The novel explores themes of morality, guilt, and redemption, as Raskolnikov must grapple with the consequences of his actions. Dostoyevsky’s masterful use of psychological depth and insight make Crime and Punishment an essential read for anyone interested in literature.
Despair by Vladimir Nabokov
Despair, Vladimir Nabokov’s only novel to be written in English, was first published in 1934. The novel is the story of a man named Hermann, who becomes obsessed with a girl he sees on a train and devotes his life to finding her again.
Nabokov was born in Russia and moved to England as a young man. He attended Cambridge University and later settled in the United States. He is best known for his novels Lolita and Pnin, as well as his short stories “The Enchanter” and “Signs and Symbols.”
Despair is considered one of Nabokov’s weaker novels, but it still has its admirers. Critics have praised the novel’s dreamlike quality and its use of language.
Infinite Jest by David Foster Wallace
In his novel Infinite Jest, David Foster Wallace explores the themes of addiction, celebrity, and entertainment.
Wallace’s writing is complex and often experimental. He uses a variety of literary devices to create an immersive reading experience.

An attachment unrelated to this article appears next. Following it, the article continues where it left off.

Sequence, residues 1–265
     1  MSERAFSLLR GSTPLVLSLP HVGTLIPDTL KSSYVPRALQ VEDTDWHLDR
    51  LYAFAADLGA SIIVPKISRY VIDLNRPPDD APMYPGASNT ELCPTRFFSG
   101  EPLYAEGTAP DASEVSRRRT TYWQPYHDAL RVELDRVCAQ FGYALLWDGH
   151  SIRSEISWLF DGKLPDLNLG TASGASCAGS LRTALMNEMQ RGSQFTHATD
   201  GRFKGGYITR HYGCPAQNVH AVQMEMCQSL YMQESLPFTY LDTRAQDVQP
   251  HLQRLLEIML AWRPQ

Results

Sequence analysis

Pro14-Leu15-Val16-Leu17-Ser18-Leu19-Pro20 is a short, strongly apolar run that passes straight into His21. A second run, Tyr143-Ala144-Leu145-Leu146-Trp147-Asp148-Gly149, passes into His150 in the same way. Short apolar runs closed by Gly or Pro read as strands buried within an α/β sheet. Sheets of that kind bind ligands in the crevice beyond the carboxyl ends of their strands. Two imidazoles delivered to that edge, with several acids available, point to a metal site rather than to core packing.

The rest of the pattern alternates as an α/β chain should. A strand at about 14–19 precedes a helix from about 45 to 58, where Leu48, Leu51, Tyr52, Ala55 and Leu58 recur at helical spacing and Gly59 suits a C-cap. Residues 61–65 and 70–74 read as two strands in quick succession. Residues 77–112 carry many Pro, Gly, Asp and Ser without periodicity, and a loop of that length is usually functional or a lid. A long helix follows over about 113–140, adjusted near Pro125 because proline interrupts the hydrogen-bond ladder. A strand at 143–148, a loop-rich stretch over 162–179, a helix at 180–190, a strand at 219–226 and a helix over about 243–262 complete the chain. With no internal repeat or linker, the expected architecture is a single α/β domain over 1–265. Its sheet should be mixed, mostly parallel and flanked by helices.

The novel has been praised for its ambition and design. It was included in Time magazine’s list of the 100 best English-language novels from 1923 to 2005.
One Hundred Years of Solitude by Gabriel García Márquez
One Hundred Years of Solitude by Gabriel García Márquez is a novel about the Buendía family and their multi-generational story. The book chronicles the rise and fall of the town of Macondo through the eyes of the family.
García Márquez weaves a magical, yet realistic, tale of love, loss, war, and betrayal. The characters are richly drawn and the story is both epic and intimate. One Hundred Years of Solitude is a masterpiece of Latin American literature.
Saturday Night & Sunday Morning by Alan Sillitoe
In his debut novel Saturday Night and Sunday Morning, Alan Sillitoe tells the story of Arthur Seaton, a young man from Nottingham who is determined to live life on his own terms.
Seaton is a factory worker who spends his weekends drinking and carousing with his friends. But he is also a man with ambition and dreams of something more. When he meets a young woman named Doreen, Arthur begins to see the possibility of a different life.
Saturday Night and Sunday Morning is a gritty and realistic portrait of working-class life in England in the 1950s. Sillitoe captures the rhythms of blue-collar work and leisure time, as well as the hopes and frustrations of those who are trapped in a cycle of poverty.